Fine-tuned prayer

I am an avid fan of shortwave radio. It was my Gram and Grandpa who got me into the hobby. For years, they’ve had this big Schaub-Lorenz radio from the 1960’s at their house. The radio is so old that it lists frequencies in kilocycles (kc) and megacycles (Mc) because the hertz as a unit of frequency hadn’t been invented yet, but it works perfectly to this day in spite of the fact. That radio had four frequency bands: the standard AM and FM that any radio has (except AM was labeled “MW” for “medium-wave”), plus “SW 1” and “SW 2”. We grandkids knew the radio had these extra buttons, but neither we nor Gram nor Grandpa knew what they did, and whenever we pressed the button out of curiosity, all we heard was static, so we all kind of assumed that was the end of the matter.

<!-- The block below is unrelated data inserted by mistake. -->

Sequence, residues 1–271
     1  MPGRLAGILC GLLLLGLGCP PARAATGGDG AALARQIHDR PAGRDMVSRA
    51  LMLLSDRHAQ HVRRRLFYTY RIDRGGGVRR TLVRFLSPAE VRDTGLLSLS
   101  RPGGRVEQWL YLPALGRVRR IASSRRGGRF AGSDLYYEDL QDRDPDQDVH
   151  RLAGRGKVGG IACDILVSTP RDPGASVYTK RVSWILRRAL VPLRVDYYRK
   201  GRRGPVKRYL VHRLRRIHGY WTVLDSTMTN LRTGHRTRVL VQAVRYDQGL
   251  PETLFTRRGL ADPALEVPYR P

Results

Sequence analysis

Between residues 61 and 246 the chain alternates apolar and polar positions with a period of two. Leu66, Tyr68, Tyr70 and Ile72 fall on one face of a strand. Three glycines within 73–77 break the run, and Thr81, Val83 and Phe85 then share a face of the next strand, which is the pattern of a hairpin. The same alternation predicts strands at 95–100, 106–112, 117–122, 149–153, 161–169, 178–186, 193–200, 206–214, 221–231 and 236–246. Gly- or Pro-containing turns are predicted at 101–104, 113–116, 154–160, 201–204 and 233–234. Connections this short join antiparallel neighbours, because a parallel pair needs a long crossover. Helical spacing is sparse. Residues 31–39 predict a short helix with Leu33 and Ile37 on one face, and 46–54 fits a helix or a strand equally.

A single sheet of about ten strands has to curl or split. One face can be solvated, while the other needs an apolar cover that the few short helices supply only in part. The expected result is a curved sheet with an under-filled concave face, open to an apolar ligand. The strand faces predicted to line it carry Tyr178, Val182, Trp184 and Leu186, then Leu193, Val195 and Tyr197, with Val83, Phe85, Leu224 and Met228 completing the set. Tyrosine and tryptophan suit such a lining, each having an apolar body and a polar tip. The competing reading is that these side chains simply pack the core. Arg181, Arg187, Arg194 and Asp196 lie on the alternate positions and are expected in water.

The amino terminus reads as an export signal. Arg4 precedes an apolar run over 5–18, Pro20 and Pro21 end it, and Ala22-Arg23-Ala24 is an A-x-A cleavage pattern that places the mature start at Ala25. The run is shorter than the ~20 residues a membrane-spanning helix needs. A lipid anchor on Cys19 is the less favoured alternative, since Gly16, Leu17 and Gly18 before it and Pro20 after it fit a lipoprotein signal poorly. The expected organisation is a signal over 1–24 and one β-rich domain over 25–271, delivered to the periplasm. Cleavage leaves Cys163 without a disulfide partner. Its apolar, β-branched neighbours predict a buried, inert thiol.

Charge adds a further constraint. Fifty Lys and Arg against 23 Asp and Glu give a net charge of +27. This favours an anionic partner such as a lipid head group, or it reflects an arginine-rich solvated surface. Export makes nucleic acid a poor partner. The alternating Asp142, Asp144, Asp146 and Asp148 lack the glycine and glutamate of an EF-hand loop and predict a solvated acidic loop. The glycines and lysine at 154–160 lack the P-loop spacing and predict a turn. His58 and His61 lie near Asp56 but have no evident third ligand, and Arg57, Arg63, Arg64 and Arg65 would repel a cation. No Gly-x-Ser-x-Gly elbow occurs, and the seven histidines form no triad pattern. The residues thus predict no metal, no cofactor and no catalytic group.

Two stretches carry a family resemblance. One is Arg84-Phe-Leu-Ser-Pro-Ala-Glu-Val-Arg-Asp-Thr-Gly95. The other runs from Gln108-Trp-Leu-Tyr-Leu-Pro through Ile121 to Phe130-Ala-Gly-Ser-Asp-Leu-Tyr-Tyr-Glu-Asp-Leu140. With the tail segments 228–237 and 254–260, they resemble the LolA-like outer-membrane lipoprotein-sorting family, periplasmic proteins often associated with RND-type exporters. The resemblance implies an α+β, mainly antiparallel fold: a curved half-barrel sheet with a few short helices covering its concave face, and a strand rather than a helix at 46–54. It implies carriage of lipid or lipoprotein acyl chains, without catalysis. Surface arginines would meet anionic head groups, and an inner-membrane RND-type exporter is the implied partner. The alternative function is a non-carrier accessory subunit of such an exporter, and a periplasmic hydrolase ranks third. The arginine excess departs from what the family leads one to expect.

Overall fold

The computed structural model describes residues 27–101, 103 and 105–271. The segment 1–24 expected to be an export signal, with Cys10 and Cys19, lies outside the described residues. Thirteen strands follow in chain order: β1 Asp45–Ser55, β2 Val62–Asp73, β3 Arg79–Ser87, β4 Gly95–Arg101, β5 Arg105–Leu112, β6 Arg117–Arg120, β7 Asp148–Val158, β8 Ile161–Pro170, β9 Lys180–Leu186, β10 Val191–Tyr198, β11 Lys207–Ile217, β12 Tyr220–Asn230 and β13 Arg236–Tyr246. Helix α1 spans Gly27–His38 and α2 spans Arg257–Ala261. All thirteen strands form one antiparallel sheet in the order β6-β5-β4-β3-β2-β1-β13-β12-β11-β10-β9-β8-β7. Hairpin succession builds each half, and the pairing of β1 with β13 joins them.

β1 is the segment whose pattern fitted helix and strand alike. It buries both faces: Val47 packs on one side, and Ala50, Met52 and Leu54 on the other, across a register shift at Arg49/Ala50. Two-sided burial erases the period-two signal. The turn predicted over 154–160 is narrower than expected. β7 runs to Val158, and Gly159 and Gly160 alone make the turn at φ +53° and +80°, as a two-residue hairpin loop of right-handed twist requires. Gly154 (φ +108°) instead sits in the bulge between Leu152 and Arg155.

How wrong we all were. One rainy day when I was a sophomore in high school, I decided to fiddle with the radio once again and figure out the mysteries of “SW 1” and “SW 2”. Imagine my surprise when, after turning the tuning knob a bit, I start hearing a ticking noise. No, not that ticking noise, Potter Puppet Pals fans. After a few seconds, the source of the ticking explained itself: “At the tone, 22 hours, 35 minutes, Coordinated Universal Time.” Then a beep, then more ticking. I had found my first shortwave radio station, WWV from Fort Collins, Colorado. The idea of being able to pick up a radio transmission from the other side of the continent was mind-baffling, but my ears (and Google) did not deceive me.